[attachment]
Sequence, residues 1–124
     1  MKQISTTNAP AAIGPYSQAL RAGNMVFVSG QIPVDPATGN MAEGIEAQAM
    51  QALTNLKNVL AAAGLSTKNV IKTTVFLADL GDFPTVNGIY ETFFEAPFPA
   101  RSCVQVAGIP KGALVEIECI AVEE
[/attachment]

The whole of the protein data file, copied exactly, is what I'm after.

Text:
Sequence, residues 1–124
     1  MKQISTTNAP AAIGPYSQAL RAGNMVFVSG QIPVDPATGN MAEGIEAQAM
    51  QALTNLKNVL AAAGLSTKNV IKTTVFLADL GDFPTVNGIY ETFFEAPFPA
   101  RSCVQVAGIP KGALVEIECI AVEE